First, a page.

Water temperatures in Long Island Sound are nice and mild this July 4th holiday weekend. The Central Sound buoy has reached 76F several times over the last few days. Not bad for early July! Water temperatures near shore have generally been 70+ from Old Saybrook to Greenwich. Here’s a look at remotely sensed sea surface temperatures courtesy of the Applied Physics Lab at Johns Hopkins.
A couple neat things here. One, you can see the Gulf Stream well south in the Atlantic (with cool looking eddies!) and the warm water in Long Island Sound. Water temperatures are in the upper 60s south of Old Lyme east toward the Race and Fishers Island Sound. Water temperatures are in the mid 70s south of New Haven in the central Sound.
But what really jumps out on this map is the long stretch of Atlantic Coast with very cold water temperatures for swimming. If you like cold water – go south! Really! Persistent southwesterly winds for the last week have resulted in very chilly swimming from the Jersey Shore to the Outer Banks. I looked at water temperatures this morning on the Atlantic Ocean off the Mid Atlantic and here’s where they stand.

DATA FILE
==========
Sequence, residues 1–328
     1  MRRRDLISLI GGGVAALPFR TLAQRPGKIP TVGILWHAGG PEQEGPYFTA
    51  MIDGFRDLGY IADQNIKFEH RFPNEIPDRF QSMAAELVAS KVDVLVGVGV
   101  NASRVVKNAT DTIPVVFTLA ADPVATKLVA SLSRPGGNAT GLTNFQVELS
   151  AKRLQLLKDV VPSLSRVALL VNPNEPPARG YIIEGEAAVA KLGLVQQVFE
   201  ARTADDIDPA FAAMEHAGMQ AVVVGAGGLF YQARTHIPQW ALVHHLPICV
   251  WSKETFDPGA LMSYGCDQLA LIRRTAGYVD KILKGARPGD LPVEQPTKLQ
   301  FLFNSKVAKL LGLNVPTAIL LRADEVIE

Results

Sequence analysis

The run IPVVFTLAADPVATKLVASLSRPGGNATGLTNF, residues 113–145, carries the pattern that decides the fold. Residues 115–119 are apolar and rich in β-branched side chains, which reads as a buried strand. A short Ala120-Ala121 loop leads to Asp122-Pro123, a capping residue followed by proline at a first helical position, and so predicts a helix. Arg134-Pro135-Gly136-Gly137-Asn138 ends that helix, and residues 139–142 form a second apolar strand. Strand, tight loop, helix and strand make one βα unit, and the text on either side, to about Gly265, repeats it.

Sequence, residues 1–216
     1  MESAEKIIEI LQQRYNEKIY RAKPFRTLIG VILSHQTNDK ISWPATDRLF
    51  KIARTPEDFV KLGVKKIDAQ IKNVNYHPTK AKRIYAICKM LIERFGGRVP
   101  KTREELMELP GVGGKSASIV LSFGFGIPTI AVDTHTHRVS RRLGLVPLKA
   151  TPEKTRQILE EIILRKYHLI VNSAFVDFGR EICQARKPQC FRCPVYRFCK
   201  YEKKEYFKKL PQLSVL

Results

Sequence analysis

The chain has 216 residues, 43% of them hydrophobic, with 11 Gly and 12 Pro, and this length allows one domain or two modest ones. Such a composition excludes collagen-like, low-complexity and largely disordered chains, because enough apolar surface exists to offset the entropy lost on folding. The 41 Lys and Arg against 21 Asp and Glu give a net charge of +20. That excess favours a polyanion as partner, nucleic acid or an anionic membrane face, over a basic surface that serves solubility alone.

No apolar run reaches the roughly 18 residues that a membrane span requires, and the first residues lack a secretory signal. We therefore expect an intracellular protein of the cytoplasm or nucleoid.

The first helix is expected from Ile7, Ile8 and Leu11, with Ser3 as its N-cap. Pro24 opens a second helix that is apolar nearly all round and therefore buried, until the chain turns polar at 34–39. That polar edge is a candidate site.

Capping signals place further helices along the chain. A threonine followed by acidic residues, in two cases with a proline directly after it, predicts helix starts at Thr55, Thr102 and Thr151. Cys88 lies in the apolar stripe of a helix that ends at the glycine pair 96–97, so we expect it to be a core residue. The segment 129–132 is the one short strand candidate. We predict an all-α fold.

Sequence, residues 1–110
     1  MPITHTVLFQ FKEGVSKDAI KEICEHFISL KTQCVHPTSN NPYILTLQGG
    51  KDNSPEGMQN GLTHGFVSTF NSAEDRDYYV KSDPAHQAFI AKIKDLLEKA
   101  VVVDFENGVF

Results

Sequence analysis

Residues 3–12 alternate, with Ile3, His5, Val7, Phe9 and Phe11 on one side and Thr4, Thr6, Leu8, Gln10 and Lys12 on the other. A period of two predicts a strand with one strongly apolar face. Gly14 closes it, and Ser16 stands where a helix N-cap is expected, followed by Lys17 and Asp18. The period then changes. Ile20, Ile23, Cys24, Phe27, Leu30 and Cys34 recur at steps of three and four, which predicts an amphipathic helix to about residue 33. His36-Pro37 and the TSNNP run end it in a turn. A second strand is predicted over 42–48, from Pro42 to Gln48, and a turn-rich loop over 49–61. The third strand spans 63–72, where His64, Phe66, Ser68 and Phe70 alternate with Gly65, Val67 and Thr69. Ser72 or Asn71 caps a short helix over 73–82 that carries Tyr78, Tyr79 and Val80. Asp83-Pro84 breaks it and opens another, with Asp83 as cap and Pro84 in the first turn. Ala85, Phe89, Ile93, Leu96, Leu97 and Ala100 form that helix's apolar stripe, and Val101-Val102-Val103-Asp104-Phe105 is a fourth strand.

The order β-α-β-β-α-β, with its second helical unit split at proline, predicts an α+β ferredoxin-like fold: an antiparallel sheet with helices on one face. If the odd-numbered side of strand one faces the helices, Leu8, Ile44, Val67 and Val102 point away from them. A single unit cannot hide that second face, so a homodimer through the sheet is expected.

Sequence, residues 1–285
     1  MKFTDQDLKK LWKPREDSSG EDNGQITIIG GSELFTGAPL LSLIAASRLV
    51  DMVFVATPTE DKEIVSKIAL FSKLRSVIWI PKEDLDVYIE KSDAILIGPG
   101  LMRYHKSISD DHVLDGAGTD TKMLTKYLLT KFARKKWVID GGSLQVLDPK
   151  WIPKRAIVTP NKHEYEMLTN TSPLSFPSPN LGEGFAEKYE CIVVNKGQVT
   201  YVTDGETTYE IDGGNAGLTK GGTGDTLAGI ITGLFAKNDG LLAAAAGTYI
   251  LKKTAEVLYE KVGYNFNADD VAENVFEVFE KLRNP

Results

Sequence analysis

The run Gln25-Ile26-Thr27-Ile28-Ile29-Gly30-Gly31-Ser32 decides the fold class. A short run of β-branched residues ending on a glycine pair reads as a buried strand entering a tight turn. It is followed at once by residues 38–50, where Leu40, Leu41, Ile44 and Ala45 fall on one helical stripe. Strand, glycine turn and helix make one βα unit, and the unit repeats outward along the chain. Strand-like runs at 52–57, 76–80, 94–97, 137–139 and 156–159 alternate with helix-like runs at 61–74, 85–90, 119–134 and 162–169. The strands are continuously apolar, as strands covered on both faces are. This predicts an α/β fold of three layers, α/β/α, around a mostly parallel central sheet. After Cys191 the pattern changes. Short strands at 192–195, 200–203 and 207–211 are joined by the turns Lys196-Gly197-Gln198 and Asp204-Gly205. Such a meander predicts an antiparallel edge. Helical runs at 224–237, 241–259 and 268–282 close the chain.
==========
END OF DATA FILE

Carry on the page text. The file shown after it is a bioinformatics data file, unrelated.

- Ocean City, MD – 60F
- Atlantic City, NJ – 56F
- Duck, NC – 60F
Ouch! You may be wondering why southwesterly winds result in colder water temperatures when the winds have brought us a steady supply of heat and humidity? The earth’s rotation (coriolis force) and Ekman Transport (due to frictional drag of the wind on the water and water on water) result in water being transported 90 degrees to the right of the wind. A southwesterly wind on the Jersey Shore will direct water offshore near the surface thanks to Ekman Transport and that water will be replaced by cooler water from deeper depths. This is known as upwelling.
If you look closely at Long Island Sound you can see some signs of upwelling along the Connecticut shoreline in that satellite image – though the impact on the Jersey Shore is much more pronounced given the long fetch of the wind over the ocean and the much, much deeper ocean waters. Another reason to love Long Island Sound beaches 🙂